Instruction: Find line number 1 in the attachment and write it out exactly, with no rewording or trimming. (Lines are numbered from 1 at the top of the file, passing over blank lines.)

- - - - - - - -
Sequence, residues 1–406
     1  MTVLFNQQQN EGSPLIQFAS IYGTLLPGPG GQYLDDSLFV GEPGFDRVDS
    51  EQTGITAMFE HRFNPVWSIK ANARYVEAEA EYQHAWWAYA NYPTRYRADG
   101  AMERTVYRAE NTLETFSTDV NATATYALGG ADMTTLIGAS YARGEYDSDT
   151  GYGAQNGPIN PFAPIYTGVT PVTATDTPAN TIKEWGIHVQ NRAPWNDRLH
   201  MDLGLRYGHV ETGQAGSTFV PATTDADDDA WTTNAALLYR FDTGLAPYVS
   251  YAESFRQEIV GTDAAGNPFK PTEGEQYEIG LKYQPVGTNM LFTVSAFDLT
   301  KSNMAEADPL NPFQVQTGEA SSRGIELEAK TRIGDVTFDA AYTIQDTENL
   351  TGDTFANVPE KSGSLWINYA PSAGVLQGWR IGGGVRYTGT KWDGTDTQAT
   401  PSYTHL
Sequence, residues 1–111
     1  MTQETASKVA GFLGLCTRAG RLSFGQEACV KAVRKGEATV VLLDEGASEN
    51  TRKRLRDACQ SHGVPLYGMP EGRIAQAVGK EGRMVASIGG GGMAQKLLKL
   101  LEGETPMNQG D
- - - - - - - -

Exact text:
Sequence, residues 1–406